GETTING PUBLISHED (part three)
The general public tends to figure anyone who can write a sentence should be able to get published. They don’t realize how many skills and techniques are involved.
?Honing Your Skills
Whatever write, if you want to try to get it published, get some training. Study the craft of writing. Read books. Attend classes. Take online courses. Go to writers’ conferences and workshops. Learn how to write really well.
Learn the mechanics too. If you’re planning to write a book, get a copy of Merriam-Webster’s Collegiate Dictionary and The Chicago Manual of Style (the reference manuals used by book publishers in the U.S.). If you want to write for Christian publishers, get a copy of The Christian Writer’s Manual of Style. Study the rules and apply them to your manuscript.
If you’re writing an article, get The Associated Press Stylebook and Webster’s New World College Dictionary (the reference manuals used by newspapers and journalistic magazines).
The competition is fierce in the publishing industry. There are many talented authors out there who have put in their time and learned how to do their job right. If you expect to join them, you need to study and develop your skill too.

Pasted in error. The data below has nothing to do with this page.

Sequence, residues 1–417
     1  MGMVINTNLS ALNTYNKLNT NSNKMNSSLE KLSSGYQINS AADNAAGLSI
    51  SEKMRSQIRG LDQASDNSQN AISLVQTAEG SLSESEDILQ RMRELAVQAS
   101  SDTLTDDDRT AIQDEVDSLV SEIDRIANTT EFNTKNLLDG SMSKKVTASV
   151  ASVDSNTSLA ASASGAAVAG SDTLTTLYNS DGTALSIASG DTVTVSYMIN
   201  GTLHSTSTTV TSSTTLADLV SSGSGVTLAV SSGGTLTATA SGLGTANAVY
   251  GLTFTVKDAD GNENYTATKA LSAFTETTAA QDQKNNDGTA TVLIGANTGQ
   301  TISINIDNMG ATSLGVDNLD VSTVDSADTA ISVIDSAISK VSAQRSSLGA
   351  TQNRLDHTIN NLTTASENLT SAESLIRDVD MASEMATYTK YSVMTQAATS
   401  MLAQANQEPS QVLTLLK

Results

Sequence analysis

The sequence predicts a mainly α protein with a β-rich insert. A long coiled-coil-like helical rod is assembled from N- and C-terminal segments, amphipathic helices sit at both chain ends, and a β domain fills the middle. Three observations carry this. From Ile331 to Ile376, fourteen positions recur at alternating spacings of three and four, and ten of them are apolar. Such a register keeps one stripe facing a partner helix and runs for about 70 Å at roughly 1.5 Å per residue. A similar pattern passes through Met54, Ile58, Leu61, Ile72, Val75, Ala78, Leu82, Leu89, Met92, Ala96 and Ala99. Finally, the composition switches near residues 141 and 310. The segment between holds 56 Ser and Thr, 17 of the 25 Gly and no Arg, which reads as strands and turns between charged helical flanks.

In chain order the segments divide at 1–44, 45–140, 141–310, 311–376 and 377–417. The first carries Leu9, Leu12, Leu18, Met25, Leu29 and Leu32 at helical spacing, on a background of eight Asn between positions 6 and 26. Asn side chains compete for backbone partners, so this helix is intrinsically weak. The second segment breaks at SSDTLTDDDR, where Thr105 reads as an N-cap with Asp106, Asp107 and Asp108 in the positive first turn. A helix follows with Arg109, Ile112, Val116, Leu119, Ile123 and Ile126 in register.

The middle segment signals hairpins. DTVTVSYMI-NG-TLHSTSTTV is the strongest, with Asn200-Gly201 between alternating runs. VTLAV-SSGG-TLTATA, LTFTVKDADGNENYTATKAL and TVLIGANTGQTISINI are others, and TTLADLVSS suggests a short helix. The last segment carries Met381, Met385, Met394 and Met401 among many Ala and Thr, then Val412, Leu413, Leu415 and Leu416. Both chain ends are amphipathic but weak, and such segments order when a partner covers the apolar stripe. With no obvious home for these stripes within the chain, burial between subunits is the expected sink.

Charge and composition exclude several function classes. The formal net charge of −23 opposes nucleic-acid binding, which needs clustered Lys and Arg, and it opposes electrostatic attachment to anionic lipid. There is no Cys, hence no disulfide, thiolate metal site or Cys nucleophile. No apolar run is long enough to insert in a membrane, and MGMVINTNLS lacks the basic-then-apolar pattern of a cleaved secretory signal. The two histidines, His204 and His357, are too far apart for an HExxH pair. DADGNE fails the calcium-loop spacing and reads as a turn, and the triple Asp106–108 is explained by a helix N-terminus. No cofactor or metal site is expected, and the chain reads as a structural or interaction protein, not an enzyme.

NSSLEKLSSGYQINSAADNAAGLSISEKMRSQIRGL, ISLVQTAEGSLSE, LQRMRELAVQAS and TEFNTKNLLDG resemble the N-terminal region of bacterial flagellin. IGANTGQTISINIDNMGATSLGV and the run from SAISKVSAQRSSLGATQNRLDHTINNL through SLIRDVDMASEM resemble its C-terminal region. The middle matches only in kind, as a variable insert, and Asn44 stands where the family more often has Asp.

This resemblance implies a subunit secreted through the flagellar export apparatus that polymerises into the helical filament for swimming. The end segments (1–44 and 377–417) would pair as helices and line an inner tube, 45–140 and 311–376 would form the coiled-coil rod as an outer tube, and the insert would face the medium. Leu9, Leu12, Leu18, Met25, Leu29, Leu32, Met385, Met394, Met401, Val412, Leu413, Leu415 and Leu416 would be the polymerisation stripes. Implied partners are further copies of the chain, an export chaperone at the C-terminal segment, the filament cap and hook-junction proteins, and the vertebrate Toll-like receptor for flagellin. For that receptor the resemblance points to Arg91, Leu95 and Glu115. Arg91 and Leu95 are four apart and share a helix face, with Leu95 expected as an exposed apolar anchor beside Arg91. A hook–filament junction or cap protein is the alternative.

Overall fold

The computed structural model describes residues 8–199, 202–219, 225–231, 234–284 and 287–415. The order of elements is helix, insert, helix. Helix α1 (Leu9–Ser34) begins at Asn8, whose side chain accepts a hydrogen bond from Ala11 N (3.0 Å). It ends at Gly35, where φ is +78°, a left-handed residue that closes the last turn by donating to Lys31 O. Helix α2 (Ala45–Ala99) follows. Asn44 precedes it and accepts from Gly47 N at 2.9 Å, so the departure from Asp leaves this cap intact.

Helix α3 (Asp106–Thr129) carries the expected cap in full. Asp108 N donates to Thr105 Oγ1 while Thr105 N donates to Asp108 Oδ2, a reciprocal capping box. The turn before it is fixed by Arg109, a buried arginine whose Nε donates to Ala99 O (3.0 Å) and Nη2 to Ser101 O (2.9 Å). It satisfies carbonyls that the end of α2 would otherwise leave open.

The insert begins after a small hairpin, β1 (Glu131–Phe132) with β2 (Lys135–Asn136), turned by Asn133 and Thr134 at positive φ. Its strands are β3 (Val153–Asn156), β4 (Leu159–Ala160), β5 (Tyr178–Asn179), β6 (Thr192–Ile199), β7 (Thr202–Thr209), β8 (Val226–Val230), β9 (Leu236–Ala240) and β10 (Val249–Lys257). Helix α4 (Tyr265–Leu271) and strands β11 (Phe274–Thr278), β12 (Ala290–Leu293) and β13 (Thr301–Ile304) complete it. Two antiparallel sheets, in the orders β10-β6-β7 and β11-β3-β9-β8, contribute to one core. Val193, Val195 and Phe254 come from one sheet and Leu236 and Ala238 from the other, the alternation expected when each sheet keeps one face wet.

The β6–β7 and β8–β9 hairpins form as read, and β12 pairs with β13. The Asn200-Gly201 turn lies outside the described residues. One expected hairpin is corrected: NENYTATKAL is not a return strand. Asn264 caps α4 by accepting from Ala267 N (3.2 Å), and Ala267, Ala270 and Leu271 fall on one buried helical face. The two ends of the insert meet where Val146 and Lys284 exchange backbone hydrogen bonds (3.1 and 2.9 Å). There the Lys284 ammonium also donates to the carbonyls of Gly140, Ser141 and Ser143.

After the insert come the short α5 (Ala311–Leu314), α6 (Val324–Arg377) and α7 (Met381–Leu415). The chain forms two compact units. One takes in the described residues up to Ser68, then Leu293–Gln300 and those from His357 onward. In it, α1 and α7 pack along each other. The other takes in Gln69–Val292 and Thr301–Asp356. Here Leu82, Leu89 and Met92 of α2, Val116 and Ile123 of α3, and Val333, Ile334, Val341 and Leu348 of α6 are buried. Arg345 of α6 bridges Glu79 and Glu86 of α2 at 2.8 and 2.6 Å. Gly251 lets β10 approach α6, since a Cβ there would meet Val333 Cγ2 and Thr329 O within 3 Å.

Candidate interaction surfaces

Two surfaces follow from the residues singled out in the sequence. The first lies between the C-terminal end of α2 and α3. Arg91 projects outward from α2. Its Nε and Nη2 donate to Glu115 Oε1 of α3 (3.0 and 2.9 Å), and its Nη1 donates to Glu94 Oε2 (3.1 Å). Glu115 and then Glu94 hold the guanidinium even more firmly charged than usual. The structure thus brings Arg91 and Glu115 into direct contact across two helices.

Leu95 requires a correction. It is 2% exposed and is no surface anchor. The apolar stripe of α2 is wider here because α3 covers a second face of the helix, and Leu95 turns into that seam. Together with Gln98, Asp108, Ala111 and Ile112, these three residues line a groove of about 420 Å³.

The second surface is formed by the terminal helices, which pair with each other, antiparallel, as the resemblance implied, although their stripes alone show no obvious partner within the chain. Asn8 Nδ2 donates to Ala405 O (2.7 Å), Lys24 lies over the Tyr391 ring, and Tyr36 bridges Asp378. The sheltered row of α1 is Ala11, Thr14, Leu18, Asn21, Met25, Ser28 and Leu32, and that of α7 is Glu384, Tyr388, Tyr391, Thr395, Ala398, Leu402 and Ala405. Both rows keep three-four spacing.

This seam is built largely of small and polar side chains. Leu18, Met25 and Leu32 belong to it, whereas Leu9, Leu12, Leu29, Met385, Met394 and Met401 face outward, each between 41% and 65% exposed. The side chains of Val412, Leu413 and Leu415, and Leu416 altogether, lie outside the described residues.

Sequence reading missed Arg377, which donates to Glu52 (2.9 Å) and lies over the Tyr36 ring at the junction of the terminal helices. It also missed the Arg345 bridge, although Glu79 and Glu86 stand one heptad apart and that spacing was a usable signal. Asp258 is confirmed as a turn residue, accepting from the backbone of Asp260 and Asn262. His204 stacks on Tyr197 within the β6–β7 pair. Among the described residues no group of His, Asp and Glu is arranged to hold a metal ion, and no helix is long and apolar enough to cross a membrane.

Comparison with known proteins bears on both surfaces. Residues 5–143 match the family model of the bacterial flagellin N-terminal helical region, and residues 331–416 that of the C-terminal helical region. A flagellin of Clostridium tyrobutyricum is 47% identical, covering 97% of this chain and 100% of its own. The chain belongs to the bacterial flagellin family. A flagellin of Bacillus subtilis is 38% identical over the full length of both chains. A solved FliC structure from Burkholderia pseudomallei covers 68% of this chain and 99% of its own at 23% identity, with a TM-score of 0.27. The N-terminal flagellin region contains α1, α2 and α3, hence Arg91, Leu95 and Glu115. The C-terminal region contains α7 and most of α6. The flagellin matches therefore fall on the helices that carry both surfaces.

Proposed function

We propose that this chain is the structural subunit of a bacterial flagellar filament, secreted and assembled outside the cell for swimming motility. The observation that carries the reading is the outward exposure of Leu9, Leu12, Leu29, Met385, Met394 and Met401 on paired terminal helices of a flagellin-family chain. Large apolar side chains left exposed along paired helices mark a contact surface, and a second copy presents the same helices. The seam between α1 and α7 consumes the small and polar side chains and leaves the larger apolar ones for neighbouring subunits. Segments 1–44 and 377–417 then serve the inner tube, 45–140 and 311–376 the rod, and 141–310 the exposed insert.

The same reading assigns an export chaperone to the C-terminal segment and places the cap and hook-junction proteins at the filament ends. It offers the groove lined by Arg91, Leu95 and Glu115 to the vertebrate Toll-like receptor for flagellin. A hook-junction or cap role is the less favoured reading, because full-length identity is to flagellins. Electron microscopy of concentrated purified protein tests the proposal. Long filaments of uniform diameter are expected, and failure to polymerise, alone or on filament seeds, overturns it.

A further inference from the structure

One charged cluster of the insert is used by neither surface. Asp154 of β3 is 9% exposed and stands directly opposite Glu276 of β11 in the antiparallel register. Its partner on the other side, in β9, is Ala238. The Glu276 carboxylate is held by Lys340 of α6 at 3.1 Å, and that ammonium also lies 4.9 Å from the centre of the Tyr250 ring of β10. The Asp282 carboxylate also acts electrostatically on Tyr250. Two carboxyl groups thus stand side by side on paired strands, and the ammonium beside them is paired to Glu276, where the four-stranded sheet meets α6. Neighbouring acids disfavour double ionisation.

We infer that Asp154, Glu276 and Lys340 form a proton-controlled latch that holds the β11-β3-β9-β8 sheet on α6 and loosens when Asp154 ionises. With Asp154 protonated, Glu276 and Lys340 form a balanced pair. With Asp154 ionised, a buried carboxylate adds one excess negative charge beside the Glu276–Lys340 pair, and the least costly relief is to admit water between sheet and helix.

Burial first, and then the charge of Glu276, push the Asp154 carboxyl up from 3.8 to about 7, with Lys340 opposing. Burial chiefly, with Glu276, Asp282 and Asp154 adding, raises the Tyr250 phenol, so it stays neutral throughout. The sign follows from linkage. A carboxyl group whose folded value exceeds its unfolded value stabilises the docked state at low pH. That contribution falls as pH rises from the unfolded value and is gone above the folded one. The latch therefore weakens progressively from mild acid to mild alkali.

Polishing Your Manuscript
Don’t get caught in the trap of thinking your first draft is going to be publishable. You will need to rewrite, revise, edit, and polish the manuscript multiple times until it’s the best it can possibly be.
After you’ve written the best manuscript you think you can, show it to some people, preferably members of your target audience and some published authors, and incorporate their ideas. Join a critique group and get additional suggestions from fellow writers. Hire a professional editor to give you even more recommendations for improvement.
Chances are, you’ll only get one opportunity to impress a publisher and convince them to accept your book. You can’t afford to send them anything that’s not your absolute best.